A changing election landscape and a global pandemic has some Long Beach politicians asking how the city can raise its cap on political contributions to help fuel campaigns through a longer election cycle and—presently—one where volunteers may be hesitant about knocking on doors.
Councilwoman Mary Zendejas, who chairs the Elections Oversight Committee, asked the city attorney’s office to start looking at the issue on Tuesday. Zendejas joined the council in November by virtue of a special-election victory. She said the city should look at increasing the $400 limit from individual donors to help those campaigning through the pandemic and beyond.
“Any time that you’re fundraising it’s always a struggle,” Zendejas said Wednesday. “I needed to struggle to fundraise since my campaign was a little different because a lot was based on mailing, because I wasn’t able to access a lot of the front doors of the residents due to inaccessibility.”
Zendejas, who uses a wheelchair, said that the larger contribution amounts allowed during special elections—$1,000 from individuals and $2,500 from political action committees—helped level the playing field for her.
Regular elections cap City Council donations at $400, $600 for citywide office donations and $800 for mayoral campaign contributions.
The pandemic could present a new normal where more campaigning is done through the mail rather than in person, driving up the cost, Zendejas said. She asked for a report back later this year to see how the city could adjust for regular elections.
There’s a catch, though. Changing any contribution limit would likely require voter approval.
Deputy City Attorney Amy Webber explained that because of the 1994 Campaign Reform Act, which was adopted by voters and installed as part of the city’s municipal code, changing it would also require a vote by the people.
It would likely require just a simple majority vote because it wouldn’t be installing a new tax, Webber said, but getting to a majority might be a challenge.
“Those things tend not to be popular with voters when you talk about increasing limits,” Weber said.
She added that the council has been able to amend other things around the periphery of the act, like when it voted to triple office-holder account limits and rules dictating how those funds could be spent by candidates, but changing the actual amount permitted from individual donors is up to the people.
Long Beach’s limit of $400, which can be given by an individual to a candidate in both the primary and runoff periods of an election, is on the lower end compared to its neighbors.
Los Angeles, which employs a full-time council, has a cap of $800. San Francisco has a limit of $500. San Diego ($600), Huntington Beach ($600) and Seal Beach ($500) are all higher than Long Beach. Those three cities combined are still less than Anaheim’s whopping $2,100 contribution cap.
The lack of uniformity in contribution limits was highlighted in a 2016 report by Common Cause, which showed that less than a quarter of California cities had local contribution limits and just 15 of the state’s counties had laws limiting how much individuals could contribute to campaigns.
California is in the minority of states that do not have laws in place to limit contributions in local elections.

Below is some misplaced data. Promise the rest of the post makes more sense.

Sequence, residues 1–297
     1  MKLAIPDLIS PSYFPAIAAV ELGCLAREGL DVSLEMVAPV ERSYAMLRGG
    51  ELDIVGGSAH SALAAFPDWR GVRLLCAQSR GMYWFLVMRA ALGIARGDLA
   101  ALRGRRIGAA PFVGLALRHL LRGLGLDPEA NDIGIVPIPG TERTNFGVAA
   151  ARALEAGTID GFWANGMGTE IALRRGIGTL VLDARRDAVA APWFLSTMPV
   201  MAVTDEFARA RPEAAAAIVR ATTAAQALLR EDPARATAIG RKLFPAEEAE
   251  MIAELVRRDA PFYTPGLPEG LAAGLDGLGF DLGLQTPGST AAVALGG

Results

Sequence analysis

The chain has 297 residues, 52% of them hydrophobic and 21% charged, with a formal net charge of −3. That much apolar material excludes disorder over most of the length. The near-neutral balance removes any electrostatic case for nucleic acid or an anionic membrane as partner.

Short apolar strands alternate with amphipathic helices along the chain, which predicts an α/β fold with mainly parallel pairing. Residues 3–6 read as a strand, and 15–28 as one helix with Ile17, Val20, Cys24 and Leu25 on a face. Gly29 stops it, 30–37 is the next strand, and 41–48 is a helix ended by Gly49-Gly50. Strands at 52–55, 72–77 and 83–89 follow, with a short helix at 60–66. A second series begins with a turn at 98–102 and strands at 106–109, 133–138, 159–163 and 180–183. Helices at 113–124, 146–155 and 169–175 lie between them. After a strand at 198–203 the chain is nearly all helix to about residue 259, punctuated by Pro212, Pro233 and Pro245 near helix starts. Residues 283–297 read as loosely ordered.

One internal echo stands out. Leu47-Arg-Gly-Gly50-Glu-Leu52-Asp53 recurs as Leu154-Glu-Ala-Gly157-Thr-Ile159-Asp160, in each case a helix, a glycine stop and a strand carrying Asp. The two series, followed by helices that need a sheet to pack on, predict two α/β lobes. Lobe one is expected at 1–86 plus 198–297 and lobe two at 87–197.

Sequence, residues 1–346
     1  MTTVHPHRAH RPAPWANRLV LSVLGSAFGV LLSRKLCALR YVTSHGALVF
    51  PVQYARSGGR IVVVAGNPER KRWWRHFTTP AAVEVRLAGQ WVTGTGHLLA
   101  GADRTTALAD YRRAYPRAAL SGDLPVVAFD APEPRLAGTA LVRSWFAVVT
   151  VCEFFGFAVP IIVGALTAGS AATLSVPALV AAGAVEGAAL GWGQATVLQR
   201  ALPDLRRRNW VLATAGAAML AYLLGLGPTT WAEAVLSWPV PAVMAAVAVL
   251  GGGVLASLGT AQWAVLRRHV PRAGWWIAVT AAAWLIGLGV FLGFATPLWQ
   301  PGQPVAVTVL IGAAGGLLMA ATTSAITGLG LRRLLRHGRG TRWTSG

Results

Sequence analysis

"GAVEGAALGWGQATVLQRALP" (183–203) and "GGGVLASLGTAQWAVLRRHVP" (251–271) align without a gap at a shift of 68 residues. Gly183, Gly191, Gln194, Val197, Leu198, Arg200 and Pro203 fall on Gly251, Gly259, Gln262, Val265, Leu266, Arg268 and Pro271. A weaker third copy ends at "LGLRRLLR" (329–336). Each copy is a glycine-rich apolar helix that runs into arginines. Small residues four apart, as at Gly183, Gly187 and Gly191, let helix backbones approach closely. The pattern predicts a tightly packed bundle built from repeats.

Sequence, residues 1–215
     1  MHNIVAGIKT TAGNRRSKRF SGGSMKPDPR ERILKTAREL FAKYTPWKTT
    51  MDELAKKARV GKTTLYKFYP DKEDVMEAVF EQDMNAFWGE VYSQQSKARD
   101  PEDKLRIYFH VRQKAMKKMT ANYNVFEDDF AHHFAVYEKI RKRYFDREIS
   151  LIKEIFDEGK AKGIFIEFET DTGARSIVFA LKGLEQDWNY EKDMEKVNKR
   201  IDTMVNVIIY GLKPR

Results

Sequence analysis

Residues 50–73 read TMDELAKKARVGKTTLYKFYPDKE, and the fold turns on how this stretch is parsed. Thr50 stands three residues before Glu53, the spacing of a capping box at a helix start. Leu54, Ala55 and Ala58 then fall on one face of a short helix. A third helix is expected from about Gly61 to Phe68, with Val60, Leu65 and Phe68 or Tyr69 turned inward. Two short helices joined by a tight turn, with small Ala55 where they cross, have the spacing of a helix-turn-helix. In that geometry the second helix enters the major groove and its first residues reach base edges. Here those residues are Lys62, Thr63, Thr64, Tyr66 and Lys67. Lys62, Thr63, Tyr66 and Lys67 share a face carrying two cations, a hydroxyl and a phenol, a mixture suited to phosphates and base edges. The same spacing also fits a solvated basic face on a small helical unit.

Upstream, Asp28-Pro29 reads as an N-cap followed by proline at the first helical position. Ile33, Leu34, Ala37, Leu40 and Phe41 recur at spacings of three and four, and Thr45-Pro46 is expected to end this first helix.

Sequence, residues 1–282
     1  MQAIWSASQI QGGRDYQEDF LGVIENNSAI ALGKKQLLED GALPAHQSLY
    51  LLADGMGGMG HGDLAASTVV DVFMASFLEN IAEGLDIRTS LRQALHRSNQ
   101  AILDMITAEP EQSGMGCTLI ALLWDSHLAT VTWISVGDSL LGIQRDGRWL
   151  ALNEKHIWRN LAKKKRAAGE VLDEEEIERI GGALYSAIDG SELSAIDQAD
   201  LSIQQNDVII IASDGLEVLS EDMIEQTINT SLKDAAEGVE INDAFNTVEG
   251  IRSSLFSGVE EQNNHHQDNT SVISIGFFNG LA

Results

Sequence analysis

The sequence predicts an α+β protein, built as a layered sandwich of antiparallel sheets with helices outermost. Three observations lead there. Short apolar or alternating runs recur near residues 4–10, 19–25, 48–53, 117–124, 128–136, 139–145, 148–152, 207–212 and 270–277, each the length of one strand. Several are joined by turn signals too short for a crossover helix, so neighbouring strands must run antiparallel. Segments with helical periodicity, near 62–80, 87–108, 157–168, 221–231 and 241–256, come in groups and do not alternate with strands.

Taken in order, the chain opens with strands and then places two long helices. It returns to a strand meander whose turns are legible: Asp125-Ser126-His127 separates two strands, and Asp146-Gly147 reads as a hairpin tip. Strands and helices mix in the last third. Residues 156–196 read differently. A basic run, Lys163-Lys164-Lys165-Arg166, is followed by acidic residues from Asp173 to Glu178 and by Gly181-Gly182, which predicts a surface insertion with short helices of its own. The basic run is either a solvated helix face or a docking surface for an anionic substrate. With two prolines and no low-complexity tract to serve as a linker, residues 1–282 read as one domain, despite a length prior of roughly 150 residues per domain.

If Zendejas’s idea moves forward, how much the contributions could be increased is not clear.
Councilman Roberto Uranga, vice chair of the Elections Oversight Committee, said he supported raising the limits but didn’t have a number in mind. He said the additional 5 months of campaigning required by the city’s forced-alignment with the state’s election cycle mean it “definitely has to go higher.”
But Uranga questioned if this could pass a vote by the people under the current circumstances.
“Not in this climate,” he said. “With the coronavirus, we’re looking at budget cuts, changes to services; it’s a tough environment. Now we’re asking people to give more for campaigns?”
Councilwoman Stacy Mungo, the 3rd member of the committee, shared her doubts about the need to raise contributions and the impact of the expanded election cycle.
Mungo said that campaigns have dead periods where they naturally wind down and use less money. People campaigning now would likely ramp up efforts in August for the November election, she said. She also questioned if the council would or should put resources behind getting such a measure before the voters while the city is simultaneously experiencing a major budget deficit.
“I’d love to take money out of political campaigns completely,” Mungo said. “I’m not sure that it’s possible in this political climate, but I’m open to finding a bold new solution to ensuring that people’s voices are heard.”
All 3 members of the committee raised well over $100,000 during their last elections.
The report Zendejas requested could come back from the city attorney by November, meaning it’s unlikely any change will affect the current campaign. After this year, the next regularly scheduled election in the city is 2022, when the city’s odd-numbered council seats, including Zendejas, Uranga and Mungo, will be up for a vote. The mayor’s seat is also up for grabs that year.
Zendejas said she has no plans to move forward quickly with any proposed changes but said that eventually the limits should be raised, even if the current health crisis passes before the rules are altered.
“We don’t know if that’s going to be the case if we’re going to be cleared or if it’s going to be a new normal for us,” Zendejas said of the pandemic’s impact on this year’s elections. “In light of that, that’s where my curiosity began to see if we could maybe raise the limits.”
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